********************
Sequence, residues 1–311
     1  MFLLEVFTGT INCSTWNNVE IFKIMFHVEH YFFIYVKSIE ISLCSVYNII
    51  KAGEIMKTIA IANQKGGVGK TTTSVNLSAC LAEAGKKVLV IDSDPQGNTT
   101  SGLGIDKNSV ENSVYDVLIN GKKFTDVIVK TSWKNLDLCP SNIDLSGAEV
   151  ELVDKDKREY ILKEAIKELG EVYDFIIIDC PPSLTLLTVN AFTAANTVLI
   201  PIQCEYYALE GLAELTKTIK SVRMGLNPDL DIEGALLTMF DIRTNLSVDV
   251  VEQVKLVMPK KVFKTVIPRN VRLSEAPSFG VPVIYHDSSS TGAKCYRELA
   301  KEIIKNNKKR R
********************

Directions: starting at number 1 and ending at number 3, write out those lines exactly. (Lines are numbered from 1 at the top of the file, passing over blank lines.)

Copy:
Sequence, residues 1–311
     1  MFLLEVFTGT INCSTWNNVE IFKIMFHVEH YFFIYVKSIE ISLCSVYNII
    51  KAGEIMKTIA IANQKGGVGK TTTSVNLSAC LAEAGKKVLV IDSDPQGNTT